The (Media) World's Gone Mad

Rash Report: 'Mad Men,' Tiger and Michael Vick (Oh, My!)

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MINNEAPOLIS ( -- While Nielsen ratings reports are a whole lot quicker than in Don Draper's time, Madison Avenue still has to wait a day for data to officially gauge how "Mad Men" did in its season-three premiere. But preliminary data show that the show -- which has been more of a cultural than a commercial hit in its first two seasons -- increased its total viewers by a third and was up as much as 71% in the ad-centric 18-to-49 demographic. Whether that will be enough to win the overall ratings race remains to be seen. But if "Mad Men" isn't a viewing victor, it at least leads all TV in terms of talk value.

'Mad Men' Season 3
'Mad Men' Season 3 Credit: AMC/Carin Baer
Season three's theme of seismic shifts -- "The World's Gone Mad" -- has seemed to resonate in the media world as well. First is the AMC hit itself, which received more media hype than the opening of most big-picture premieres. This represents another big miss by AMC's broadcast competitors, which offer nothing remotely like "Mad Men."

The original scripted series to choose from last night consisted of two episodes of NBC's "Merlin," which had only a .8/3 and .9/3 rating and share in the 18-to-49 demographic (which, along with a 1.0/3 for an "SNL Presidential Bash" rerun, led NBC to finish fourth with a .9/3), as well as ABC's "Defying Gravity," which again was grounded with a .8/2.

ABC did have two new episodes of reality shows "Who Wants to Be a Millionaire" (1.5/5) and "Shark Tank" (1.8/5), which, when combined with a reality repeat ("America's Funniest Home Videos," 1.4/5), resulted in a third-place 1.4/4.

CBS added two shows in network TV's summer default genre: "Big Brother" (2.3/7) and "There Goes the Neighborhood" (1.2/5). Those helped CBS finish first, with an overall 2.0/6. But the network was driven by two examples of the sports world gone mad.

First was the first upset in a major golf tournament led by Tiger Woods, as Y.E. Yang became the first South Korean to win one of golf's grand-slam events. Final numbers from the final round of the PGA Championship, like those for "Mad Men," won't be available until tomorrow, but CBS reported that the event was up 150% in households from last year and was the highest-rated since 2002.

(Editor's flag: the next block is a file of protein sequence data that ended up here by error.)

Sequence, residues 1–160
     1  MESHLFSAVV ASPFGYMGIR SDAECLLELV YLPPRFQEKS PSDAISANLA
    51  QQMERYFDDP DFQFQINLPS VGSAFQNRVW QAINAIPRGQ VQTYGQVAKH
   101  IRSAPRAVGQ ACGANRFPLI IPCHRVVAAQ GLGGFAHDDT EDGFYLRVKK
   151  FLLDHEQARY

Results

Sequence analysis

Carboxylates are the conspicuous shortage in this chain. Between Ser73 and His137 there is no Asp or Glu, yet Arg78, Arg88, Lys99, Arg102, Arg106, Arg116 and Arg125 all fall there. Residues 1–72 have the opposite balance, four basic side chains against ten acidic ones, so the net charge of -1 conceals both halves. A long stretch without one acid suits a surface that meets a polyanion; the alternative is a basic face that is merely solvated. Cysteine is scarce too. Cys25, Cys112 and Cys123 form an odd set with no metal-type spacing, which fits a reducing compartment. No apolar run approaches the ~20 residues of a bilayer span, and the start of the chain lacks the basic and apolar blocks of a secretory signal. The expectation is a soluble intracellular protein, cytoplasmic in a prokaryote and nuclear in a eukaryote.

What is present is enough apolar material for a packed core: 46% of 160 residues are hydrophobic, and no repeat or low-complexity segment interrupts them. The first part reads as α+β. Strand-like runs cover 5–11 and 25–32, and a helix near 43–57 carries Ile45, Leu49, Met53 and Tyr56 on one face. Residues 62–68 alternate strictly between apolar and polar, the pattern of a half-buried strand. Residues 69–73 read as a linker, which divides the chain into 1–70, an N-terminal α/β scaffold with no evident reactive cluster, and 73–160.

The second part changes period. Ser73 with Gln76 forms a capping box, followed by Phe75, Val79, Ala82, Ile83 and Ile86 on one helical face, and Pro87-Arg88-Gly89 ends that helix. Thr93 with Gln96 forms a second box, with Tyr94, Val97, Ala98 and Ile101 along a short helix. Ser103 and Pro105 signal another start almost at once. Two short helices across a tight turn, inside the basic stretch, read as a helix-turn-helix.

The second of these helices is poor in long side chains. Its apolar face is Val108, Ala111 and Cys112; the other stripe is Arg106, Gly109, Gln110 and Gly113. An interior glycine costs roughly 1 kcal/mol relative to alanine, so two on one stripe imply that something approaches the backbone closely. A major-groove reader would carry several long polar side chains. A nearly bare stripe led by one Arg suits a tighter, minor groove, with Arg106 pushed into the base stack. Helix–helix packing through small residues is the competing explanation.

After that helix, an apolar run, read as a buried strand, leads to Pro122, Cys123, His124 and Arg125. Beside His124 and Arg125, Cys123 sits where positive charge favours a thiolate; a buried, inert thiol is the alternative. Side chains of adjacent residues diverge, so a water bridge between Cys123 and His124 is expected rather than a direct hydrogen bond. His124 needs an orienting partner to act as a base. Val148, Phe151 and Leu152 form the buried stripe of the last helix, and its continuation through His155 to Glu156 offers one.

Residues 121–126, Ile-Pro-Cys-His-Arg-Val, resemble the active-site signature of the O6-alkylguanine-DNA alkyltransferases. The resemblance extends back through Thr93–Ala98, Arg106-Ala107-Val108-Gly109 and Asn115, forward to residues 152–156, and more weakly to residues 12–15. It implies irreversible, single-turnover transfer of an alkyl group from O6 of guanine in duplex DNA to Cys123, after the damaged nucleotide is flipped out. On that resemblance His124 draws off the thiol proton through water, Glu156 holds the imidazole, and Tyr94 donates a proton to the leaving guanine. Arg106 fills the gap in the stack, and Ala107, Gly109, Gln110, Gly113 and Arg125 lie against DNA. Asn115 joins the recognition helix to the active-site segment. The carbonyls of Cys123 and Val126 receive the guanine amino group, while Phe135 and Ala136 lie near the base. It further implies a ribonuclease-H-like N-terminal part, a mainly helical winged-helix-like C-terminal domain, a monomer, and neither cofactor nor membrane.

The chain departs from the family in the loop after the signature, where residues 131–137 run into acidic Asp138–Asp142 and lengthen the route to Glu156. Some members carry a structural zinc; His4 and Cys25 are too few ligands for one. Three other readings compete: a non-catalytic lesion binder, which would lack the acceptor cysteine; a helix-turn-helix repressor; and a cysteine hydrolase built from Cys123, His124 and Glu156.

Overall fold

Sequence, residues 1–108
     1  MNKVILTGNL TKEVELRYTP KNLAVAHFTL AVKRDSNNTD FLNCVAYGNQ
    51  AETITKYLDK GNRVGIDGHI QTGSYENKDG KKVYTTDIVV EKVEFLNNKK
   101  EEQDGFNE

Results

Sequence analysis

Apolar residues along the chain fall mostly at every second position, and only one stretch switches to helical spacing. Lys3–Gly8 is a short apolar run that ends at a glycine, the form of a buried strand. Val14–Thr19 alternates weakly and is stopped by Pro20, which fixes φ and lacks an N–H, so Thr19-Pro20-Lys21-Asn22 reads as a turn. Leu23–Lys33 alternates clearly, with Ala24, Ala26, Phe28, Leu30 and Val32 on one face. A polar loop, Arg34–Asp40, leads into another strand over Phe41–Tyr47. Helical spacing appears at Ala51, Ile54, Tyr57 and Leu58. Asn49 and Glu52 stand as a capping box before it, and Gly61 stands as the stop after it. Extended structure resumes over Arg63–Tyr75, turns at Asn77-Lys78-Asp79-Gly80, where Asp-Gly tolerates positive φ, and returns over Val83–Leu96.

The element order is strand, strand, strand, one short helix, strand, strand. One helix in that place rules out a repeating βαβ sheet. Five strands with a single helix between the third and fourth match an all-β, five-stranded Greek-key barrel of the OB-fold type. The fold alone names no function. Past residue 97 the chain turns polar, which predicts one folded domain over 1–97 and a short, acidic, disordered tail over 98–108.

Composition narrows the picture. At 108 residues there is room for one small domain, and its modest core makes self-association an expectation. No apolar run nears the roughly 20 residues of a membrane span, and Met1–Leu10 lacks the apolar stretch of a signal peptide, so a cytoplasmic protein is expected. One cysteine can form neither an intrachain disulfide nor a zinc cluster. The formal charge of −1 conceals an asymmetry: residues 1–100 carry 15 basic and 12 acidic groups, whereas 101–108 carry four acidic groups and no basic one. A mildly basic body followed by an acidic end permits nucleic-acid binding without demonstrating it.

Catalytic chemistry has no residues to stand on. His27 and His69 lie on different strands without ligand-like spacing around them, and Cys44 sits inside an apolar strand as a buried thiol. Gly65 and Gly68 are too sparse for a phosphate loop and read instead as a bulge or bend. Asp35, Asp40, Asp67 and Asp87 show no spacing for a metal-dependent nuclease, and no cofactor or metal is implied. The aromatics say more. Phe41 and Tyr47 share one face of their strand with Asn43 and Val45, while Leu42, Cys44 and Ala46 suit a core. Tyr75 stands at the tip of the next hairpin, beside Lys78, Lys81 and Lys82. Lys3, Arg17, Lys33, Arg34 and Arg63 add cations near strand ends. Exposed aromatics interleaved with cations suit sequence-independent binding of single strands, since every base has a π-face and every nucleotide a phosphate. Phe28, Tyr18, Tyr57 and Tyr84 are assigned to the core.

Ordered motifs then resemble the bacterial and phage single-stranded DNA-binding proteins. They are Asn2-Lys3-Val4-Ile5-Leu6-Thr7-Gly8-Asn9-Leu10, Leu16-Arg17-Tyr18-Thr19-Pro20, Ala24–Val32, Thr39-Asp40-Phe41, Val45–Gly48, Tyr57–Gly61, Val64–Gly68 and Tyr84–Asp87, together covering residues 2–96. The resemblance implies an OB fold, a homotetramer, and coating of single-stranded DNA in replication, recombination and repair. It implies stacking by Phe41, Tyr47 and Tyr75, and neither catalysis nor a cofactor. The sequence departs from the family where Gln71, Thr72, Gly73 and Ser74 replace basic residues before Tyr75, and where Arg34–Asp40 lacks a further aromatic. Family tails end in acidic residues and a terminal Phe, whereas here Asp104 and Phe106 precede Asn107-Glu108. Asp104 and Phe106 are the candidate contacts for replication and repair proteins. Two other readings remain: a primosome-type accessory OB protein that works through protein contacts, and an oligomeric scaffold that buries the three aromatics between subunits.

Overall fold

The tournament ran over until about 7:19 p.m, and the 7-to-7:30 time slot scored a 2.8/10 (the most precise measurement available until tomorrow). The 7:30-to-8:30 hour included the PGA's lead-out, "60 Minutes" (2.7/9), which also showed some sports madness, as it featured an interview with Michael Vick, the former Atlanta Falcons quarterback who has become a Philadelphia Eagle following a prison sentence for dogfighting.

But if sports won the day for CBS, "Mad Men" won the summer for all of TV, at least in terms of creating culture that really seems to matter. This has only contributed to the season of discontent the networks are feeling, especially after last week's big news that several media conglomerates, at least two agency holding companies and three marketers are considering combining efforts to create competition to Nielsen to more effectively track consumer media behavior.

Rash grids

See how all the shows did in the ratings.
It remains to be seen how effective the effort will be, as several attempts to topple Nielsen's media-measurement monopoly have fallen flat. But competition will be good for media measurement. It would also be good for programming. A schedule full of "Mad Mens" may be impossible, but at least a few scripted series with the relevance and resonance of "Mad Men" would make viewers -- and, thus, media, marketing and advertising companies -- happy.

WHAT TO WATCH: Monday: Having let loose Lucy and other '50s TV icons in favor of '90s sitcoms long ago, Nick at Nite continues its evolution with the premiere of "Glenn Martin, DDS," a stop-action comedy.
Tuesday: Few events will electrify like Usain Bolt's record-setting run on Sunday, but Olympics fans should like Versus' coverage of the World Track and Field Championships from Berlin.

ESPN's "Monday Night Football" kickoff to score highest against lackluster summer fare on the broadcast networks.

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NOTE: All ratings based on adults 18-49. A share is a percentage of adults 18-49 who have their TV sets on at a given time. A rating is a percentage of all adults 18-49, whether or not their sets are turned on. For example, a 1.0 rating is 1% of the total U.S. adults 18-49 population with TVs. Ratings quoted in this column are based on live-plus-same-day unless otherwise noted. (Many ad deals have been negotiated on the basis of commercial-minute, live-plus-three-days viewing.)

John Rash is senior VP-director of media analysis for Campbell Mithun, Minneapolis. For more, see

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